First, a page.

Development and characterization of cell models harbouring mtDNA deletions for in vitro study of Pearson syndrome
Pearson syndrome is a rare multisystem disease caused by single large-scale mitochondrial DNA deletions (SLSMDs). The syndrome presents early in infancy and is mainly characterised by refractory sideroblastic anaemia. Prognosis is poor and treatment is supportive, thus the development of new models for the study of Pearson syndrome and new therapy strategies is essential. In this work, we report three different cell models carrying an SLMSD: fibroblasts, transmitochondrial cybrids and induced pluripotent stem cells (iPSCs). All studied models exhibited an aberrant mitochondrial ultrastructure and defective oxidative phosphorylation system function, showing a decrease in different parameters, such as mitochondrial ATP, respiratory complex IV activity and quantity or oxygen consumption. Despite this, iPSCs harbouring 'common deletion' were able to differentiate into three germ layers. Additionally, cybrid clones only showed mitochondrial dysfunction when heteroplasmy level reached 70%. Some differences observed among models may depend on their metabolic profile; therefore, we consider that these three models are useful for the in vitro study of Pearson syndrome, as well as for testing new specific therapies. This article has an associated First Person interview with the first author of the paper. © 2022. Published by The Company of Biologists Ltd.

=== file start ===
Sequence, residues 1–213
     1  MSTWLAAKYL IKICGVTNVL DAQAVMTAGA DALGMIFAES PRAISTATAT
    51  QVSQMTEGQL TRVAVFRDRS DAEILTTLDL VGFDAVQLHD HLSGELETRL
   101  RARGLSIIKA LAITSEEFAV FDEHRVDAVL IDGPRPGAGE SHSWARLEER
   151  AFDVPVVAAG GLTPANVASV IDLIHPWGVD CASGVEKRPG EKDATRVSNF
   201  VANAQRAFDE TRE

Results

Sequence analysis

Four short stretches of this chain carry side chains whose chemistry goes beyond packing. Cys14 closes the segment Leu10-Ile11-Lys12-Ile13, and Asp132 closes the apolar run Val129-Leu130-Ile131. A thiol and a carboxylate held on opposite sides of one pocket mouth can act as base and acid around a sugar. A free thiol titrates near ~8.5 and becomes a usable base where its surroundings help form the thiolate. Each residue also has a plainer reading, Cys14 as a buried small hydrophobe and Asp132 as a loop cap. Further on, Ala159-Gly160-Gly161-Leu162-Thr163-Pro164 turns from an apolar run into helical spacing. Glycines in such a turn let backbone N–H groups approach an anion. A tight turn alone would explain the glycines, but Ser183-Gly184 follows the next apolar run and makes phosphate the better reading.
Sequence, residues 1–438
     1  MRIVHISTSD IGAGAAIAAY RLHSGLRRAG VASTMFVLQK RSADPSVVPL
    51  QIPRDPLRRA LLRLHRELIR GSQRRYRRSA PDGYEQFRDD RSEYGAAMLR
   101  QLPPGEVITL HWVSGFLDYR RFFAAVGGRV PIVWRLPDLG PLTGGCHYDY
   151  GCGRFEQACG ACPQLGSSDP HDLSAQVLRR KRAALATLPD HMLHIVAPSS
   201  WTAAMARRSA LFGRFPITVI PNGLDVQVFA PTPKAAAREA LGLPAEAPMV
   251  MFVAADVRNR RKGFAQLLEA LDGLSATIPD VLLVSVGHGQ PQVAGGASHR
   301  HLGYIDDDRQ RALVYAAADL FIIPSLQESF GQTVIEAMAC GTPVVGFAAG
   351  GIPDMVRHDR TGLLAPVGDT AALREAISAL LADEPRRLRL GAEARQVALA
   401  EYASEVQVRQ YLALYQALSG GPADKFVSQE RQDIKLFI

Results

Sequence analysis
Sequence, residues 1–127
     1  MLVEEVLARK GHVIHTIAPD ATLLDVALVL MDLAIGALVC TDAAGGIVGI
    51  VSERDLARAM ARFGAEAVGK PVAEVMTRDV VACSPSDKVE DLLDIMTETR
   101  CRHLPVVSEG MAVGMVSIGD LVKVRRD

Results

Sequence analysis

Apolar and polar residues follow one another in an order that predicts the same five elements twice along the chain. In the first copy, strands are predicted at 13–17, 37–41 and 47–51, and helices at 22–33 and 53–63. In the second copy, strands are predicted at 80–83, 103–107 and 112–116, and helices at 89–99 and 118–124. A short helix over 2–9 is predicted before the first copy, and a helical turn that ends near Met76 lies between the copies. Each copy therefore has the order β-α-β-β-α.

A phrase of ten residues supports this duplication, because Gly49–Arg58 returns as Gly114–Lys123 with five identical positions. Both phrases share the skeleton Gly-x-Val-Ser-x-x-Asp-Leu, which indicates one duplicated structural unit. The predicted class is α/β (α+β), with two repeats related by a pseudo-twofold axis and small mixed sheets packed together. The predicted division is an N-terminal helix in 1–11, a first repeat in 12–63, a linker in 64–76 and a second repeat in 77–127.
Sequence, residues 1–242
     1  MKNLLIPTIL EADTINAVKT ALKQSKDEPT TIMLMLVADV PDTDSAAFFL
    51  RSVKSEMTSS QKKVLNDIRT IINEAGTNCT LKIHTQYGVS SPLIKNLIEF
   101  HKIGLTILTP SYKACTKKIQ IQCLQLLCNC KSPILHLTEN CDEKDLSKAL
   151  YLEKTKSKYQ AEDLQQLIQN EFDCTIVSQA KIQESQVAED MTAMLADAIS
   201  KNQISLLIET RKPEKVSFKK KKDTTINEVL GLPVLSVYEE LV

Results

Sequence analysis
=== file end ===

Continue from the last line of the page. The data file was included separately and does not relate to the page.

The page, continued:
|Authors||Hernández-Ainsa C, López-Gallardo E, García-Jiménez MC, Climent-Alcalá FJ, Rodríguez-Vigil C, García Fernández de Villalta M, Artuch R, Montoya J, Ruiz-Pesini E, Emperador S|
|Journal||Disease models & mechanisms|
|Publication Date||2022 Mar 1;15(3)|